Archives for posts with tag: favela

ImageShanty towns in Rio de Janeiro, better known as favelas, started in the 18th century when the former African slaves had no land ownership and were forced to settle in these areas. But it was mainly during the rural exodus in 1970’s that the number of favelas in Rio grew rapidly. And it was still during the 70’s, while Brazil was under military dictatorship, that removal campaigns started and successfully placed over 100,000 residents in public housing projects or back to the rural areas.

Nowadays the number of favelas in Rio has doubled. And because these areas have been illegally occupied, there are many issues involving not only violence and drugs, but overpopulation, pollution leading to diseases and lack of basic infrastructure such as electricity, water and sanitation. Not to mention the great risk of landslides for the residents living on hillsides.

Many investments have been made by local governments to promote the urban development for the favelas and cultural programmes to reduce the gab between social classes. But that doesn’t solve all problems. According to 2009 statistics, 25 thousand families were living dangerously in hillsides. Up until last year 17,4 thousand families have been relocated, and the aim is to relocate the remaining families in the next four years.

Being 2012 a municipal election year, Rio has announced last week the revised plan to reduce the area favelas occupy by at least 5% until 2016. Rio had 46,84 million km2 of favelas in 2008, and has now managed to reduce this number by 2%. The aim is to complete the remaining 3% by 2016.

And for the favelas that are staying, just like the cable car that have been introduced to ‘Complexo do Alemão’, and the public library located on ‘Complexo de Manguinhos’, a project to build escalators and make the access easier for the residents of ‘Rocinha’, ‘Mangueira’, ‘Complexo da Penha’ and ‘Complexo da Tijuca’ is being discussed.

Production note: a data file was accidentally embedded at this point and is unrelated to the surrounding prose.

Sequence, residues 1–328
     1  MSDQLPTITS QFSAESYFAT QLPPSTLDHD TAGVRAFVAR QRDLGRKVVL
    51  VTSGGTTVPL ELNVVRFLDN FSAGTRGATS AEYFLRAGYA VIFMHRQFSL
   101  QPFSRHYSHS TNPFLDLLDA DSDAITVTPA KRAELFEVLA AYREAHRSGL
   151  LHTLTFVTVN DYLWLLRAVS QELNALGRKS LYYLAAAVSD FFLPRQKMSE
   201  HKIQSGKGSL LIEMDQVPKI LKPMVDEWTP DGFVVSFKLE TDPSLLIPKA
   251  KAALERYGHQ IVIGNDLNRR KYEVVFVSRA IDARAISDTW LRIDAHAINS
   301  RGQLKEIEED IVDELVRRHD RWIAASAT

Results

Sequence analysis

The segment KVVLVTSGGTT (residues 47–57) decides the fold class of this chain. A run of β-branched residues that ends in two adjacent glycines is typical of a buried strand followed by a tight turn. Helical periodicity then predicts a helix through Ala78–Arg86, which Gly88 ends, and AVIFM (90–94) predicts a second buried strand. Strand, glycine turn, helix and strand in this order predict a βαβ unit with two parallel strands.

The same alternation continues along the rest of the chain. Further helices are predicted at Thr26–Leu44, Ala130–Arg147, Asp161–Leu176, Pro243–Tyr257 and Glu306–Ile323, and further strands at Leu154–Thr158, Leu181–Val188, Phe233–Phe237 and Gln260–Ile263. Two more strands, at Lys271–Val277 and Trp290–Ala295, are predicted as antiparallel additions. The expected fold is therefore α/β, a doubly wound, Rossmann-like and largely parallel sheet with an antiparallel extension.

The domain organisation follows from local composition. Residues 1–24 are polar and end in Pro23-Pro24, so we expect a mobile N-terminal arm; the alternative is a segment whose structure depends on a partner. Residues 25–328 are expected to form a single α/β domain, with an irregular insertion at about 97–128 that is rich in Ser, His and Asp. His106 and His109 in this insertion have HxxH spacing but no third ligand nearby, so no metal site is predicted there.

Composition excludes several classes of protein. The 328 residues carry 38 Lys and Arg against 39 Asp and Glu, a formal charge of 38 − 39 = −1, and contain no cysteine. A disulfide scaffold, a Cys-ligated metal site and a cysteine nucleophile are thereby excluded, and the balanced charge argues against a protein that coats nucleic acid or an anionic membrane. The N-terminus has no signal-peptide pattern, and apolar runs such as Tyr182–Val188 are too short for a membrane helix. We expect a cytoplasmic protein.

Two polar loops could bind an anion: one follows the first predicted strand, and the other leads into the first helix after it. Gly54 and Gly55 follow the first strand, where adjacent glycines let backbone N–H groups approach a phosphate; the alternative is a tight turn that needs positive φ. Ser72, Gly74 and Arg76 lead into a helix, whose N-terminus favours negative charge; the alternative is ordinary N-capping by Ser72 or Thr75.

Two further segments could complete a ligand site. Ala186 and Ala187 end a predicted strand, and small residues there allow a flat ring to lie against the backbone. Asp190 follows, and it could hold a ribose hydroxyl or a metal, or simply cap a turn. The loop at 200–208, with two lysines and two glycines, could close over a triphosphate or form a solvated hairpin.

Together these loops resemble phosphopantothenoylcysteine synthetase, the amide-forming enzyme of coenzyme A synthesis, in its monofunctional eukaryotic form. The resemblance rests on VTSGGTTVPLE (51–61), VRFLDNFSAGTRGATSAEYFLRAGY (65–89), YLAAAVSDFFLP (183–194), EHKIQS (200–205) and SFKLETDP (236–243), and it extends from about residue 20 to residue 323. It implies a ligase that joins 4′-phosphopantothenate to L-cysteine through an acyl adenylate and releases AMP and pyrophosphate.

It’s a very controversial situation as the project makes a lot of sense and it’s clearly easy to see improvements are being made with more on its way. This will be a great gift to the city of Rio de Janeiro just in time for the 2016 Olympics. But it doesn’t sound as good if we look at it from the people being evacuated point of view. They’re being re-located to the suburbs further away from opportunity and economic advancement. This could end up increasing the homeless population living in the urban centre of Rio.

You might also want to read: Rio’s favelas to be removed

Rio's FavelaThe city hall of Rio de Janeiro will be removing 119 favelas entirely by the end of 2012. There are over 12,000 homes occupying an area of 2,34 million square meters – it’s an area larger than the whole borough of Leblon.

The decision has been made after all the recent floods that happened during this rainy season. Floods and huge landslides are sadly becoming very common and threatening, not only in Rio de Janeiro, but in São Paulo and other states on the south of the country, claiming a great number of fatalities.

All the favela residents will have to register and have their properties evaluated in order to take part on a programme that will assist them finding a new home. No one will receive money for their properties, so they either need to enroll for the programme “My Home, My Life” provided by the Federal Government, or the “Assisted Purchase”, where the house owner will have to find another property of the same value to exchange them. Rio’s city hall has raised an estimate of R$ 244 million to move all these families from the favelas to another place.

I do believe this decision has been very well planned and carefully thought through. With the 2016 Olympics just around the corner, and comments from abroad raising questions if the hosting city is secure enough, getting rid of this much favelas seems to be a good and, never less than, convenient decision. Of course the city hall couldn’t possibly justify it as being a security measure to combat crime.

In one way or another, Rio has been trying to fight violence and crime for a very long time. Meanwhile, the wonderful city, as it’s known in Brazil, is losing its sparkle and all the great features are slowly being overshadowed by the horrible things we hear on the daily news. Rio should be known as the beautiful city of the colourful Carnival, the warmth of the people, the beaches and great weather.

Perhaps now the city where Tom Jobim and his famous Girl of Ipanema were born will begin to be seen for its great wonders once again!

You might also want to read: Living on the edge